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by Geraldine Brooks

Little Brown

The fastest horse of his time, the groom who loved him, the artist who painted him, and the students who studied him a century and a half later – all come together in this meaty, impeccably researched, historically accurate and enlightening story set over three time periods:

Kentucky, 1850. An enslaved groom named Jarret and a bay foal named Lexington forge a bond of understanding that will carry the horse to record-setting victories on the newly established race tracks across the American South, while the itinerant young artist who made his name painting the celebrated racehorse takes up arms for the Union.

New York City, 1954. Martha Jackson, a gallery owner celebrated for taking risks on edgy contemporary painters, becomes obsessed with a nineteenth-century equestrian oil painting of mysterious provenance.

Washington, DC, 2019. Jess, a scientist from Australia working at the Smithsonian Institute, and Theo, a Nigerian-American art historian, find themselves unexpectedly connected through their shared interest in the horse – one studying the stallion’s bones for clues to his power and endurance, the other uncovering the lost history of the unsung Black horsemen who were critical to his racing success.

Based on the remarkable true story of the record-breaking thoroughbred Lexington who went on to sire hundreds of foals, many of them champions themselves, as well as the true-life characters who influenced his life, Horse is a novel of art and science, love and obsession, and our unfinished reckoning with racism.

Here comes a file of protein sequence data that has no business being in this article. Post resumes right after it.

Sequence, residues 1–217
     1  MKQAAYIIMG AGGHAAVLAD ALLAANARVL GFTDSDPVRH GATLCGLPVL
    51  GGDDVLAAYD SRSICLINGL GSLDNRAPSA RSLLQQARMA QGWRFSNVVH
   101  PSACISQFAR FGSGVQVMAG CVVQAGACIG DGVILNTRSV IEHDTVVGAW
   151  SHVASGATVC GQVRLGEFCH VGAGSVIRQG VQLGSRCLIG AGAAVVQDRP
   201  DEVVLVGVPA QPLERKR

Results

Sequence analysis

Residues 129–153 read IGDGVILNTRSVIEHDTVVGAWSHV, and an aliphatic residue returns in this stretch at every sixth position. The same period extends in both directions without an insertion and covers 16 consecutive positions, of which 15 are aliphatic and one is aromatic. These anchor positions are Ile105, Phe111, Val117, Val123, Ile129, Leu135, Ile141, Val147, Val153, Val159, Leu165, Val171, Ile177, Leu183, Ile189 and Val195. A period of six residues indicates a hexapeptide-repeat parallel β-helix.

A testament to the intelligence and humanity of animals, a stinging rebuke of racist and abusive humans, and a study of how the past gets recorded, remembered, and remade . . . anyone who ever grew up loving horses, anyone who dearly loves an animal, will find a cornucopia of riches in this novel. – Boston Globe

Brooks [has an] almost clairvoyant ability to conjure up the textures of the past and of each character’s inner life . . . Her felicitous, economical style and flawless pacing carries us briskly yet unhurriedly along. And the novel’s alternating narratives, by suspending time, also intensify suspense – Wall Street Journal

Brooks cut her journalistic teeth on the racing beat, and she knows her way around a horse. This book returns the Australian-American novelist to the terrain that won her a Pulitzer prize with March, her 2005 tale of the war-absent father from Little Women. She brings the same archival confidence and sensory flair to the antebellum racetrack. Jarret’s portion of Horse is exactly the novel you’d expect: bloodlines and broodmares; farriers and knackeries; wild gambles, wild gallops and plantation-era grotesqueries. A dollop of civil war valour. And at the centre of it all, love story: a boy and his horse – The Guardian

[A] deft novel . . . create[s] a picture of the artistic, athletic, and scientific passions that horses can inspire in humans. – The New Yorker

Horse isn’t just an animal story – it’s a moving narrative about race and art. – TIME

Quick video of Geraldine Brooks introducing Horse.


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